Now that the storm has passed

Oct. 1, 2010
For those of us who live near the Atlantic Ocean or the Gulf of Mexico, it's just a matter of time before we feel the wrath of a hurricane

FOR those of us who live near the Atlantic Ocean or the Gulf of Mexico, it's just a matter of time before we feel the wrath of a hurricane. Other parts of the country risk the devastation of tornadoes. Violent storms are part of the overall scheme of things. They occur naturally — and in certain areas, inevitably.

When these storms occur, we don't have a whole lot of options. The most common choice facing us: attempt to flee or ride it out. Some storms just can't be dodged, and we do what we can to seek shelter and hope for the best.

To a great degree, the same holds true in business. In a sense, that's where we as an industry are right now — we've been hit hard, but at least the storm has passed. We are slowly emerging from our shelters, assessing the damage and figuring out what we need to do to fully recover.

Based on what you have told us over the years and (most recently) in a survey that Trailer/Body Builders conducted during September, for many companies, parts sales provided shelter during this past storm. They seem to be more consistent in good times and bad. The aftermarket isn't enjoying the double-digit growth in new equipment sales that many in the industry appear to be experiencing. Yet they provided an anchor when new equipment sales were being battered in the downturn.

It's our hope that the parts department survey we conducted recently will provide a helpful tool as you evaluate the landscape. The survey was designed not only to help assess the damage that this economic storm inflicted, but also to generate an idea or two for moving forward. It asks a lot of questions about what has been going on the past two years — one a year of devastation for our industry, and the current one shaping up to be a year of recovery.

Surprisingly, however, 2010 may not be a strong year for industry parts departments. The storm may have passed, but many of us still hear the thunder in the distance and feel some headwinds still blowing. This is showing up in a number of areas — primarily in personnel. No one wants to bring additional employees into the company without being confident that the new hires will have a long-term future. Our survey indicates that there are slightly fewer people employed in industry parts departments today than there were a year ago. The earnings cuts that some companies were forced to implement last year have not yet been fully restored. Economists tell us that employment is a lagging economic indicator, and that seems to be the case in parts departments.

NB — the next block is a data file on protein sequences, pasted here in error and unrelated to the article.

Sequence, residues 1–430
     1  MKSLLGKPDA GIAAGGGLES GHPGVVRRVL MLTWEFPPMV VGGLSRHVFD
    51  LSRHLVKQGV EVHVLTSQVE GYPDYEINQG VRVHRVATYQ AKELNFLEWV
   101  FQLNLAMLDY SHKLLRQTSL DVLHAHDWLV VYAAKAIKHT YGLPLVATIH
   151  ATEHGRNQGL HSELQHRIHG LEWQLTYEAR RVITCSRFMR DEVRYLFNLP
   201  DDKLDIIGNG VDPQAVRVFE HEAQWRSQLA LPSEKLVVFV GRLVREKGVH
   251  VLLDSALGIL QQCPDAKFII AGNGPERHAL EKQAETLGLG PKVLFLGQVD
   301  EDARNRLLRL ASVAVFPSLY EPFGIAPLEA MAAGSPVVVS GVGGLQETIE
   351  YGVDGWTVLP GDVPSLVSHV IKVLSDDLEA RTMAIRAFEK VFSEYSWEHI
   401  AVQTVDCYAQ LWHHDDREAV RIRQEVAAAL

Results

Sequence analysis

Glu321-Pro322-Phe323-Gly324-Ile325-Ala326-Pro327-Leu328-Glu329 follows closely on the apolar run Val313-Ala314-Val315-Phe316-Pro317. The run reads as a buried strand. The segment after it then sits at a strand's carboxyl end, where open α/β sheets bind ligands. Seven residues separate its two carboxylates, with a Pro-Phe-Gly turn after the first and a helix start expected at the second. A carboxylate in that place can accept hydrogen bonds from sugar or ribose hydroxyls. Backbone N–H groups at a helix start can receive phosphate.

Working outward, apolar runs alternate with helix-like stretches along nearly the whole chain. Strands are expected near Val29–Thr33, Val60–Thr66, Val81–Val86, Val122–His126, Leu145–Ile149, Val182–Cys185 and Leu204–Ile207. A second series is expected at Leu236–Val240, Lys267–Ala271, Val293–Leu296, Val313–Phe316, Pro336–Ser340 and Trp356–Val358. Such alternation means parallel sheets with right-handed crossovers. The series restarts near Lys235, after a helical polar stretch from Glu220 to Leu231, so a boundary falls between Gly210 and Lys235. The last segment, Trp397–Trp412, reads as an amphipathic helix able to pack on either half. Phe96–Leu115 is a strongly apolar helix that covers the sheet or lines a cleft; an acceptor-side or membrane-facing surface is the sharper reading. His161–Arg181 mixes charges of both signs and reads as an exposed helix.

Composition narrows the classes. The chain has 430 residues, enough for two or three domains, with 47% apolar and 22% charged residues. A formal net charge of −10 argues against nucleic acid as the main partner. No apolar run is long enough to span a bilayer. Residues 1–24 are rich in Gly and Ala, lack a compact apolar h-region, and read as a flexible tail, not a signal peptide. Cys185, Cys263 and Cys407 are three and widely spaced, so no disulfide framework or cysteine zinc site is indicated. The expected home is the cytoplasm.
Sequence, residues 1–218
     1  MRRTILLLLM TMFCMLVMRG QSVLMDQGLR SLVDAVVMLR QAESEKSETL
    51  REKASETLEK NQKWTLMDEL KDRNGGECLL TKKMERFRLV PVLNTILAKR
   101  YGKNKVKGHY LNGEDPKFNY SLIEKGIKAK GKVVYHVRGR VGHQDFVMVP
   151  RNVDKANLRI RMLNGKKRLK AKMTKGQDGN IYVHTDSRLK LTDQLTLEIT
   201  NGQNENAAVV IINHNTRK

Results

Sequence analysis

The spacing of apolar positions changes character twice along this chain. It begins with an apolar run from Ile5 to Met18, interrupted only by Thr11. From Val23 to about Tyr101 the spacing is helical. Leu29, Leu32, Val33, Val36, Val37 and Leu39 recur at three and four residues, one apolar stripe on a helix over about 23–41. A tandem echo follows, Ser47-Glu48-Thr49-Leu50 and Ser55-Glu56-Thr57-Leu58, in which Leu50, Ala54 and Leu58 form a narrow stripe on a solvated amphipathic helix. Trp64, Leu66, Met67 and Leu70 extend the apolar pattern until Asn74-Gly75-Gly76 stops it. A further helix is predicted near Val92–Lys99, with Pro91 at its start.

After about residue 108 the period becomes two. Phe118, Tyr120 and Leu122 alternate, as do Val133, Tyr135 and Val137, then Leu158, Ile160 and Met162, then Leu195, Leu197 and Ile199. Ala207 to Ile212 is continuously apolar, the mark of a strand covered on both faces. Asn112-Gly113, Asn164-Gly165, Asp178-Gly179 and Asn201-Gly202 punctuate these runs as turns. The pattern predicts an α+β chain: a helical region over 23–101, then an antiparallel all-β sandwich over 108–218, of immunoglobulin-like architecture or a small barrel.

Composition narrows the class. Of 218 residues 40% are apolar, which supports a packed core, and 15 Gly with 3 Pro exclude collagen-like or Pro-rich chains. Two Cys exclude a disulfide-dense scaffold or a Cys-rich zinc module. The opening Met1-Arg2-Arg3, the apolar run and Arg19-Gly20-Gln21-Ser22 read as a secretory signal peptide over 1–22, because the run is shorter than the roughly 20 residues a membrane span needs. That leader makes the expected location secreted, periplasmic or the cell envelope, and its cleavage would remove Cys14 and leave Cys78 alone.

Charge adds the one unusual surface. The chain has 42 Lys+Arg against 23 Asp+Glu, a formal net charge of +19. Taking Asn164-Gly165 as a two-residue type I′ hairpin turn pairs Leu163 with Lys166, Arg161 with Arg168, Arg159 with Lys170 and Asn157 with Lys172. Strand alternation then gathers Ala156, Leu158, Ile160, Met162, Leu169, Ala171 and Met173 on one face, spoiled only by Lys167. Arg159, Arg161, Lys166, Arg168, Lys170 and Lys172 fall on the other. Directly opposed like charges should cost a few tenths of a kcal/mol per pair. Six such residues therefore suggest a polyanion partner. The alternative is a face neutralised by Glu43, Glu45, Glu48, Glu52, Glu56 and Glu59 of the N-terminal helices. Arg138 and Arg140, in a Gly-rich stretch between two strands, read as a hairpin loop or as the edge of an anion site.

It's time once again for other segments of the industry to shine. New trailer sales are up by double digits in 2010. So are new truck sales. That's not the case with parts sales. Our survey results show parts sales will be relatively flat this year. But that's not necessarily a bad thing, because that same department also held steady at the height of the storm. When the recession hit, our companies were rocked. But parts departments continued to roll.

A trailer dealer reminded us recently how important it is for his dealership to have balance, to be strong in every facet of the business so that one can offset declines elsewhere. He credited his parts and service departments for providing a vital revenue stream when new trailer sales were slumping the past two years.

Speaking of giving credit, we would like to recognize the 240 people who took the time to respond to our survey. Because of how the survey was conducted (an online questionnaire that kept individual respondents anonymous) we don't know who you are, but we thank you nonetheless.

For Trailer/Body Builders to provide information that's of value to you, it's vital that we stay in close touch with our readers. We have tried several approaches for getting input from our readers, including direct mail and telephone surveys. This time we partnered with the market researchers in our corporate office to develop the online survey that provided the report that begins on Page 26. Professionals who work with a number of different industries, they told us to expect approximately 100 responses given the number of people we would ask to participate in the survey. They were pleasantly stunned by the rate at which you participated.

Meanwhile, please feel free to give us your thoughts on the results and the conclusions we reached. We were glad to hear from you last month as we conducted the survey. We will be glad to hear from you now.

Agree or disagree? Make your voice heard by visiting and clicking on “Contact Us.”

About the Author

Bruce Sauer | Editor

Bruce Sauer has been writing about the truck trailer, truck body and truck equipment industries since joining Trailer/Body Builders as an associate editor in 1974. During his career at Trailer/Body Builders, he has served as the magazine's managing editor and executive editor before being named editor of the magazine in 1999. He holds a Bachelor of Journalism degree from the University of Texas at Austin.